Desserts are not usually our thing - I make them, but don't often eat them. As the portions so far were just-enough, (and dessert is included in the offer!) we went for a salted caramel ice cream with honeycomb and a chocolate mousse with orange blossom panna cotta. Rich and decadent, the mouse was not only pretty but scrumptious too, and the salted caramel - well, you cannot go wrong with that flavour. A perfect ending. 

Mini espresso martini

Finally a mini Espresso Martini each, and then back out to Covent Garden's tempting shops and home in time for the school run.

There are so many places to eat in Covent Garden, and although I may not return here (though maybe for the ice cream), it was a relaxed and reasonably priced lunch. For an evening meal I believe you can also avail of the Star Deal menu, pre- or post-theatre, so it's worth a visit for the prestige and the presentation. 

4A Upper St Martin's Lane, WC2H 9NY
020 3764 0840


Bookatable Star Deal: £29 per person for 3 courses and a dessert cocktail

Actual bill £77.


Square Meal Tredwell's Menu, Reviews, Photos, Location and Info - Zomato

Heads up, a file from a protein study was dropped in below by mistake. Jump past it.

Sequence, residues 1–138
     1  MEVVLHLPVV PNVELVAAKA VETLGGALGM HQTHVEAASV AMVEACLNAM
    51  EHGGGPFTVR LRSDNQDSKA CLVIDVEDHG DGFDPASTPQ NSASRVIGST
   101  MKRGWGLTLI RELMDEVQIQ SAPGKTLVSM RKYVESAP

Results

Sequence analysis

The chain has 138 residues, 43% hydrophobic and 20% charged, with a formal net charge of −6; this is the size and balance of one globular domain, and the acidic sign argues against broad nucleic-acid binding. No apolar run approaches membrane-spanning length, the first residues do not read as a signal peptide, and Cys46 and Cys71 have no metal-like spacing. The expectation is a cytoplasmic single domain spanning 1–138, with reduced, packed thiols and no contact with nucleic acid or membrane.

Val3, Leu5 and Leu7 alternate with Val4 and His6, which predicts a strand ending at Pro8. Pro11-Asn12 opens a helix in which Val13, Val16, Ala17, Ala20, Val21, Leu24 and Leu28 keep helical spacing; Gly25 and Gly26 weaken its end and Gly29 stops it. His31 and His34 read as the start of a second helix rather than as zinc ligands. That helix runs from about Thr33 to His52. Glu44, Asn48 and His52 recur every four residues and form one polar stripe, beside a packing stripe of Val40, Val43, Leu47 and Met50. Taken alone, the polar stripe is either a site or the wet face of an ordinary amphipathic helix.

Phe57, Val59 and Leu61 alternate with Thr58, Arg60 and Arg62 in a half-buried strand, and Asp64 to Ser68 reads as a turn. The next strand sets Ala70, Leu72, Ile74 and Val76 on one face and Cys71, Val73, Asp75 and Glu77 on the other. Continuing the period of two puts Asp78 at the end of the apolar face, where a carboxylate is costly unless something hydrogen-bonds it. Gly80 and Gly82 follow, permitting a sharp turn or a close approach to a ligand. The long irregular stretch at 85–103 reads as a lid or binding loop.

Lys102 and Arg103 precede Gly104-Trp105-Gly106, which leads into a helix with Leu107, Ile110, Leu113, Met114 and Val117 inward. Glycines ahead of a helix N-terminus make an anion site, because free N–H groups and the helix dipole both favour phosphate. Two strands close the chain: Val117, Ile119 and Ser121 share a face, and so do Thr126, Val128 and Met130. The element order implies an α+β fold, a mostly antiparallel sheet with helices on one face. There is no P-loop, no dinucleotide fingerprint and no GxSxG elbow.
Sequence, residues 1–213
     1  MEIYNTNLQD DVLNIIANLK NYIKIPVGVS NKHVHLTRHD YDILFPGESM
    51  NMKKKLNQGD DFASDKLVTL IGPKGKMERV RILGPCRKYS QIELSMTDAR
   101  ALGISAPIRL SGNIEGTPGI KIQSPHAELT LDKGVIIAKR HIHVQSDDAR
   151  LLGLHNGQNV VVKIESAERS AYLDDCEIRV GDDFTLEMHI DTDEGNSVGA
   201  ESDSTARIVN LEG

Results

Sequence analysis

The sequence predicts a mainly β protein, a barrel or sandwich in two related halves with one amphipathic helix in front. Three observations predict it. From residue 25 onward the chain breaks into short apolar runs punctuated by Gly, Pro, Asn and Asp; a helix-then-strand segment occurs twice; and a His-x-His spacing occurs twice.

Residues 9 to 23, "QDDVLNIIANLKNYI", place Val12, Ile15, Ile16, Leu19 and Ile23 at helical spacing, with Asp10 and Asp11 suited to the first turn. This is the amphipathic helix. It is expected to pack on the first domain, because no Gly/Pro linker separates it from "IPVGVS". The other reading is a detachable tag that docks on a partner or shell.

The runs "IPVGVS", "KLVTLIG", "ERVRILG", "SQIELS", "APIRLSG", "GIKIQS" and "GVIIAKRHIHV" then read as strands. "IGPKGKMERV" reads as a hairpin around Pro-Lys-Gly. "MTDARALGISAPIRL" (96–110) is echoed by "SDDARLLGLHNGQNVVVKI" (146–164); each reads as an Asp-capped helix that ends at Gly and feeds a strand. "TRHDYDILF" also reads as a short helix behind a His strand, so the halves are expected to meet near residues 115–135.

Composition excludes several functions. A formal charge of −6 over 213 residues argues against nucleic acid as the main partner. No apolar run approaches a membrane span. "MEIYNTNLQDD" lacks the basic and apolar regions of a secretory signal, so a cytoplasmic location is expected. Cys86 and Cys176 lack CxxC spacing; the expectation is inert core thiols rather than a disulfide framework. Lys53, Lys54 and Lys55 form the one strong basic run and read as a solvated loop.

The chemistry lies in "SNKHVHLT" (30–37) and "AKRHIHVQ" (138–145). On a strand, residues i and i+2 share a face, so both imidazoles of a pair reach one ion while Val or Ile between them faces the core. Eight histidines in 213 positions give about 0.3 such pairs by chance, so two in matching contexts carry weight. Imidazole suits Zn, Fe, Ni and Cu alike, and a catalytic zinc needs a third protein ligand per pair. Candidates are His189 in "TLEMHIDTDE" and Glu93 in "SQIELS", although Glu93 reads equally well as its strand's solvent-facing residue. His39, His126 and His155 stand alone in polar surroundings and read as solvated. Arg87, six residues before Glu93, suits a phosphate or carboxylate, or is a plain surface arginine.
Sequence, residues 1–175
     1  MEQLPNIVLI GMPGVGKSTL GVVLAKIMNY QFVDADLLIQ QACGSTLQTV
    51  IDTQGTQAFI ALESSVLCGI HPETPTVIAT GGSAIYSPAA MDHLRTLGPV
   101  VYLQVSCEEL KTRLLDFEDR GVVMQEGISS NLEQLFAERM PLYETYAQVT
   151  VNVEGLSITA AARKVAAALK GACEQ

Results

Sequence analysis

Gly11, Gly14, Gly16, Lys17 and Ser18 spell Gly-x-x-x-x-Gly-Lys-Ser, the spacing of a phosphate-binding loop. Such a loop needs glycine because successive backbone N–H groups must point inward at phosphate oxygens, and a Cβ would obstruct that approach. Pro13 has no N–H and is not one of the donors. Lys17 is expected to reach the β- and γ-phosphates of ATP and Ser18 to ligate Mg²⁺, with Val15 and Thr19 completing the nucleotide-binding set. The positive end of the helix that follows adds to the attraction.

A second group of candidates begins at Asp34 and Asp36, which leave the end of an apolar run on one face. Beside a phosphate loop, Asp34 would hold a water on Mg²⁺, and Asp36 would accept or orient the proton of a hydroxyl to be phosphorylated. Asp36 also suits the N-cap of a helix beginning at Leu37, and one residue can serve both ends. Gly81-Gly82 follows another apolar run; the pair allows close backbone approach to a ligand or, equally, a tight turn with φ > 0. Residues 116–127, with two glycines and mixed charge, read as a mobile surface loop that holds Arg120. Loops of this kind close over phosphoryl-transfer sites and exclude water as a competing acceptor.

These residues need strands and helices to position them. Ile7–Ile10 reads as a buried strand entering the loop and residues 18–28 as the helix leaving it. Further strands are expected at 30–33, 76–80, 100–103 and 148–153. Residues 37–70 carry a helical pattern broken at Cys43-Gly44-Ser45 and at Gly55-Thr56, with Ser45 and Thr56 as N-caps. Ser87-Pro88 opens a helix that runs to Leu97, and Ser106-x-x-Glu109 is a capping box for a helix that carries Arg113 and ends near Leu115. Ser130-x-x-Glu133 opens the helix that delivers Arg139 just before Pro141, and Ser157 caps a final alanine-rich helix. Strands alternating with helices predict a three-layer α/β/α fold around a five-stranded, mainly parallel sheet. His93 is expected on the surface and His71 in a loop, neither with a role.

Sunday, 19 March 2017

Thai-spiced Salmon Fishcakes - Recipe

This recipe was torn out of a newspaper many years ago and has been splattered numerous times and it's faded from much use over time. I almost know it by heart, as I've made them so many times, but I like to keep referring to it, just in case I miss out any crucial ingredient! I've blogged it before, but it's been a while, so I thought it was time for a revival.

These are delicious. Not like the rubbery fishcakes you may order in a Thai restaurant, they are fluffy, flavoursome and fishy, served with the obligatory sweet chilli sauce.

Please make them. You will thank me.

Again, apologies for the poor photograph. Prosecco-fuelled hunger.


Thai-spiced Salmon Fishcakes
Prep Time: 30-40 minutes
Cook Time: 10 minutes